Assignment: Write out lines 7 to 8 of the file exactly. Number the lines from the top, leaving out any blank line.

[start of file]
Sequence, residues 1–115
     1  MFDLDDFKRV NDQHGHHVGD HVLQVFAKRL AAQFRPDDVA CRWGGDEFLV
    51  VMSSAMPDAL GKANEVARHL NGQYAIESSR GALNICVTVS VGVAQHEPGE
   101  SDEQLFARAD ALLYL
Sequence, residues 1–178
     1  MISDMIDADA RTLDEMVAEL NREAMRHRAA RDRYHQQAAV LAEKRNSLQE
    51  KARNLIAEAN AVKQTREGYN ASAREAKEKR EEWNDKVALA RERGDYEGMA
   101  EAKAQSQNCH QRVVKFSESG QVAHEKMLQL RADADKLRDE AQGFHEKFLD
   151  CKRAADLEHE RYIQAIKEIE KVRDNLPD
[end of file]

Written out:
    51  KARNLIAEAN AVKQTREGYN ASAREAKEKR EEWNDKVALA RERGDYEGMA
   101  EAKAQSQNCH QRVVKFSESG QVAHEKMLQL RADADKLRDE AQGFHEKFLD